Reality

Throughout this journey of dealing with MS and being fit, I have to try to decipher what is a side effect of a chronic disease versus what is just a normal side effect of working out. The hardest part knowing when it is necessary to slow down, especially training amongst a group of strong peers that train with arms in slings, fractured tibias, sick, and the list goes on! Sensei Billings creates an amazing environment that as long as you show up, he will help you work around any limitations and still train hard. Which is why we are all comfortable showing up when the rest of the world thinks we are crazy.
With MS one of the biggest obstacles is dealing with extreme fatigue. For me I have always been great at living on borrowed energy and then I just crash for a day and start over, however when MS fatigue hits it is not that easy. Last year this was my first clue that I easily ignored because… ah it’s just my hectic life and I just need to figure out how to restructure my schedule to keep going. Going into the tournament this was my biggest fear because it is the one thing I can’t ignore. I still have to attend to my other life responsibilities including being a highly functional leader.
I have read some other people describe their MS fatigue and I can relate similarly to it. The reason why it is a concern is because it becomes crippling. I can sleep for 12 hours a night for an entire week and still feel like a walking zombie. I lose some cognitive function having trouble focusing and becoming forgetful, which becomes frustrating for me because my memory is my one my greatest life strengths.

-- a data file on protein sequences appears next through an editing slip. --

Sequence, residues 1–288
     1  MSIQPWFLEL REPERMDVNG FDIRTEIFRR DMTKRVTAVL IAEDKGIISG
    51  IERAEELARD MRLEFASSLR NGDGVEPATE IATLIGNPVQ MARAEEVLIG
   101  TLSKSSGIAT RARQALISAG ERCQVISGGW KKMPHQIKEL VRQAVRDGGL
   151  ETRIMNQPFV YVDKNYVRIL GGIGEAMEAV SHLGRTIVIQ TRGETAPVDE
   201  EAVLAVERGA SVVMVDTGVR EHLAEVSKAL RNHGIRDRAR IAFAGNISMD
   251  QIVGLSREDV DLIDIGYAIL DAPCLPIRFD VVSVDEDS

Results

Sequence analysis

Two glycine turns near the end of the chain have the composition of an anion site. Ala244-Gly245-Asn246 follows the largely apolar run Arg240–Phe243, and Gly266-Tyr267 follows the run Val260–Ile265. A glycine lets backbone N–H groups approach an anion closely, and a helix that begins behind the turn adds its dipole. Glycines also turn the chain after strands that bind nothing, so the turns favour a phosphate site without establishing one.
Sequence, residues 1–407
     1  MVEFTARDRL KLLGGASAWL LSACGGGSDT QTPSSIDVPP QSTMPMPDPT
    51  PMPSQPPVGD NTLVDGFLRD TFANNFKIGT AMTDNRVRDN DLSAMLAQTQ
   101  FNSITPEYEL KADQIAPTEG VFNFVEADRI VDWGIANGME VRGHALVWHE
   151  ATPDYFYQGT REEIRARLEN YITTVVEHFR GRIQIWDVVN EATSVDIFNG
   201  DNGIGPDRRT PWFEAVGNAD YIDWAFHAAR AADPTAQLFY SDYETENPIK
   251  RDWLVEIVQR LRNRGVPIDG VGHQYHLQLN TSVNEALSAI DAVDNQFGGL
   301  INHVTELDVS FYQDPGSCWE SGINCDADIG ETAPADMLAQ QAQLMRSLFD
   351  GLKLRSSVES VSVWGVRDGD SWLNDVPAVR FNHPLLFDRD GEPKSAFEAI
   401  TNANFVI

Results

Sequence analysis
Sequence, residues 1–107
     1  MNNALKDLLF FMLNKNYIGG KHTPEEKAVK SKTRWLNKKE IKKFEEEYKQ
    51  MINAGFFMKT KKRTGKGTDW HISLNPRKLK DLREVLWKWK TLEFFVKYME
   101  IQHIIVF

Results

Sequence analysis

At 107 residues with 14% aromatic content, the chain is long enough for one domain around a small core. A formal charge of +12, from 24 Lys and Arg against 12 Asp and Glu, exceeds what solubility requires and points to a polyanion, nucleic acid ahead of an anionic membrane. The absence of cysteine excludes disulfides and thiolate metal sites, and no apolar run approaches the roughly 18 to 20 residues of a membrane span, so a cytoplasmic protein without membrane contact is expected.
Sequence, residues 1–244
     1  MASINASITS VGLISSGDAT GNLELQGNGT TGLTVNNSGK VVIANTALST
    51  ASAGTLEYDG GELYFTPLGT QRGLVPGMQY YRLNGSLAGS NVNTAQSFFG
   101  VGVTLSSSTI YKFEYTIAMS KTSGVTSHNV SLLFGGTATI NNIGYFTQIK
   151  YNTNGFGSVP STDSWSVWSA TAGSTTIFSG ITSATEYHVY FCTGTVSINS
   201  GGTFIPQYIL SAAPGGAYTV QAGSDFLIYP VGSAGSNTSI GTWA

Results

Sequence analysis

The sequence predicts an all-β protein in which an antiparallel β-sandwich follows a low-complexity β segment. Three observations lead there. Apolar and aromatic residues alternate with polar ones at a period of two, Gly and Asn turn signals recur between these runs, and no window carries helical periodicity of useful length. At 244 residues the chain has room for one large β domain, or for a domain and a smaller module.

The last few weeks I have been feeling a little sluggish and trying to chalk it up to my body adjusting to working out extra hours. I have been averaging about 9 hours of sleep a night so giving myself sufficient rest. Last week I really started to feel like I couldn’t ignore it, no matter how much I slept I still just wanted to sleep more. Yesterday for the first time in 7 months I completely forgot to do my injection for my MS medication in the morning, even forgetting to take it out of the fridge on Sunday night. These are details I never forget, so it has become a true reality. In the end I had to sacrifice my grappling training to get home earlier otherwise I would have been off schedule for the next two weeks.
As the summer progresses and it gets hotter this will become more intense. I will need to find the right balance of still getting to enjoy my favorite season, keeping to my routine, and managing this side effect without more medications.

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